Top 5 Magnet Fishing Accessories

Top 5 magnet fishing accessories

While magnet fishing only really requires you to bring a magnet and a rope, there are a few tools and accessories that will make your magnet fishing experience much easier and more enjoyable. Items you would normally bring when you go outdoors like sunscreen or insect repellent are not included.

You will probably already have a lot of these around the house, or in your garage/shed, but it is unlikely you will have all of them. So here goes, starting with the most important, the top 5 magnet fishing accessories you should be using!

1. Gloves

Aside from a magnet and a rope, gloves are the most important accessory you need when you go magnet fishing. There are a few reasons why you need gloves when you go magnet fishing. Often depending on where you fish, the water will be polluted and dirty. It is unhygienic to be constantly touching this polluted water, and the finds that were submerged in it with your bare hands. Gloves act as a barrier between your hands and the bacteria in the water.

Another big reason why you need gloves is to protect yourself from the potentially sharp metal objects that you remove from the water. If your rusted finds pierce your skin, you could get tetanus, a life threatening disease. While I accept this is unlikely, it is a risk you do not want to take. Thick gloves prevent you getting cuts or gashes from your magnet fishing finds.

Gloves also protect you from your rope. Think about it, you are going to be pulling your rope in and out of the water all day long. This will take a toll on your hands eventually. It can lead to rawness, callouses and rope burn, hindering your ability to be able to magnet fish. You probably already have a few pairs of gloves at your house. I recommend water resistant gardening gloves, as they are usually thick enough and have rubber on your fingers for extra grip.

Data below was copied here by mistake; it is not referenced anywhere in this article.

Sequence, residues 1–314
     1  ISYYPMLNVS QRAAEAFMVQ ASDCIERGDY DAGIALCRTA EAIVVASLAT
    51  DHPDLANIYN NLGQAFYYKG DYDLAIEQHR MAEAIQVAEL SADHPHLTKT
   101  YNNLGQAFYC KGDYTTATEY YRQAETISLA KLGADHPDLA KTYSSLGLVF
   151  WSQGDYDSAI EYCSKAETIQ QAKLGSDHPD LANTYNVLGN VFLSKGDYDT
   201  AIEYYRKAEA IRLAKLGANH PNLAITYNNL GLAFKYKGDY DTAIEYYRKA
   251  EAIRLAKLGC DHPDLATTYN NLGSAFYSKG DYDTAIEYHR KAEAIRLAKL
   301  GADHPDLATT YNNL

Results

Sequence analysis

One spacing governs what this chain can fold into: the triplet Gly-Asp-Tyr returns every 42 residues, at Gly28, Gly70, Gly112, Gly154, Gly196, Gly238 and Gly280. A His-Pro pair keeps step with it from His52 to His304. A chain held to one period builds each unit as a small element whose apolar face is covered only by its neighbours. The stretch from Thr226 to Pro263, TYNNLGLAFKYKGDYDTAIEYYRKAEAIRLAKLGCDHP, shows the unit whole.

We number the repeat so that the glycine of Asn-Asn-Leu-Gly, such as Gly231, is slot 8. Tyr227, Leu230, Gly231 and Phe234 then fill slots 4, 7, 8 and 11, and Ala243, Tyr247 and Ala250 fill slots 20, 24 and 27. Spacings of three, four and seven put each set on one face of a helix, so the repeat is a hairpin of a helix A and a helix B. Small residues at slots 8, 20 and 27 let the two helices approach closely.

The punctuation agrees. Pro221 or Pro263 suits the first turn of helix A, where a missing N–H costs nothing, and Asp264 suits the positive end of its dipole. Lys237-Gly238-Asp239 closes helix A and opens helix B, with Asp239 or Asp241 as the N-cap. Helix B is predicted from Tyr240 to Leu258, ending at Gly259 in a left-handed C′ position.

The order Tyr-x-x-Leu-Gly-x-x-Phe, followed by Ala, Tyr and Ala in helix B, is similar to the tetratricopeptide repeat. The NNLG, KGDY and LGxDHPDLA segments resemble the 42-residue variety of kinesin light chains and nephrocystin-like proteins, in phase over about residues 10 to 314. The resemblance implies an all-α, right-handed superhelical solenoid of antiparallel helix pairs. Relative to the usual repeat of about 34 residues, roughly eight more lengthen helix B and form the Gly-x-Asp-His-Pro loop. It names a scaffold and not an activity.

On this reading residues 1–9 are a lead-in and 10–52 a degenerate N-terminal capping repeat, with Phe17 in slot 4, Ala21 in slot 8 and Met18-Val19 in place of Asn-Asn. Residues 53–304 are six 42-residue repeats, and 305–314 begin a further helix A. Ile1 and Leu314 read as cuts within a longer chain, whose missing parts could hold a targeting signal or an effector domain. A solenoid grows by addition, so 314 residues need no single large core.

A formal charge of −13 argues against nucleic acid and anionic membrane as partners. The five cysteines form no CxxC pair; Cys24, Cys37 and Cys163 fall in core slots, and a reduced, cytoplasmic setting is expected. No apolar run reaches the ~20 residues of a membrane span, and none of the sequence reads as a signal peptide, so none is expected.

2. Something to hold your finds

When you go magnet fishing you should always bring something to hold your finds. This can be an old bag, a bucket, a tub or a combination of different containers. I recommend a bag or bucket for larger finds and a container that isn’t as big for your smaller finds. It is important that you don’t bring any containers or bags that you really care about, as they will likely get dirty and smelly.

You might want to buy a new bucket and container and only use them for magnet fishing. That way you can store all of your magnet fishing gear together – keep it in the bucket then whenever you go magnet fishing you can just grab it and go. If you don’t bring anything with you to hold your magnet fishing finds, it will be awkward to get back to your car or house and you might have to leave some of your finds behind.

3. A Knife

The worst thing about magnet fishing is when you get your magnet completely stuck underwater. You have tried everything, and you just can’t move it. With a knife, while you might lose the magnet, at least you won’t lose the rope as well. If you are absolutely certain that you won’t be able to remove the magnet, you can cut the rope as close as you can to the magnet end, meaning you will still be able to keep most of the rope. While losing your magnet is awful, it isn’t as bad as losing your magnet and your rope.